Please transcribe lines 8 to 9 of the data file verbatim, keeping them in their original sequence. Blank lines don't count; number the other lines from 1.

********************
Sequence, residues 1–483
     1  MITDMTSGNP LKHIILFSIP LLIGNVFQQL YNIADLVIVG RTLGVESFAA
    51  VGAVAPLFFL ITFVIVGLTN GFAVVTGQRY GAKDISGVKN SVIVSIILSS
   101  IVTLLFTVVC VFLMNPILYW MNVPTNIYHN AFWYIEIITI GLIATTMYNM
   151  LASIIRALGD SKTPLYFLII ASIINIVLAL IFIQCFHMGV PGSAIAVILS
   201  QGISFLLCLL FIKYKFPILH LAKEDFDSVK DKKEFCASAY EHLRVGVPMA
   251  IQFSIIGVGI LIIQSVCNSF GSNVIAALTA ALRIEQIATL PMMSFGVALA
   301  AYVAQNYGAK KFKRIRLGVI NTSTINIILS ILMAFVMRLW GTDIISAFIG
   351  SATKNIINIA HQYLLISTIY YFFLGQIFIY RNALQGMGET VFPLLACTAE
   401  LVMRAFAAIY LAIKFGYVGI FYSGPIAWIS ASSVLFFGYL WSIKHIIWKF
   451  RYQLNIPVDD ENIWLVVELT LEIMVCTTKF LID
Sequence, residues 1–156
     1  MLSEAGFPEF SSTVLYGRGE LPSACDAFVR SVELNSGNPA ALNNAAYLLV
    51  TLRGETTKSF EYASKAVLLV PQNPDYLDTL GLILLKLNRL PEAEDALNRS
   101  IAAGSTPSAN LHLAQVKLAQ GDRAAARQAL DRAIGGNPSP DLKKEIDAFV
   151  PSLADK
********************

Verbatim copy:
   301  AYVAQNYGAK KFKRIRLGVI NTSTINIILS ILMAFVMRLW GTDIISAFIG
   351  SATKNIINIA HQYLLISTIY YFFLGQIFIY RNALQGMGET VFPLLACTAE